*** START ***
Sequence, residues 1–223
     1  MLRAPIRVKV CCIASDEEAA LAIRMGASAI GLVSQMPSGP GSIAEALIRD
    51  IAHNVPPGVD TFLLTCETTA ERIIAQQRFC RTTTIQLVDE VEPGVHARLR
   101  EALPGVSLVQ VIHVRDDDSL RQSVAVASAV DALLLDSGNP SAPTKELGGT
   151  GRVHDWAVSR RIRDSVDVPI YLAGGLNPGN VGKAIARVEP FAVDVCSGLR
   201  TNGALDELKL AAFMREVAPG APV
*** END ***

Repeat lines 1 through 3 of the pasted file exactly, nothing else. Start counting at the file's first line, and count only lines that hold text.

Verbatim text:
Sequence, residues 1–223
     1  MLRAPIRVKV CCIASDEEAA LAIRMGASAI GLVSQMPSGP GSIAEALIRD
    51  IAHNVPPGVD TFLLTCETTA ERIIAQQRFC RTTTIQLVDE VEPGVHARLR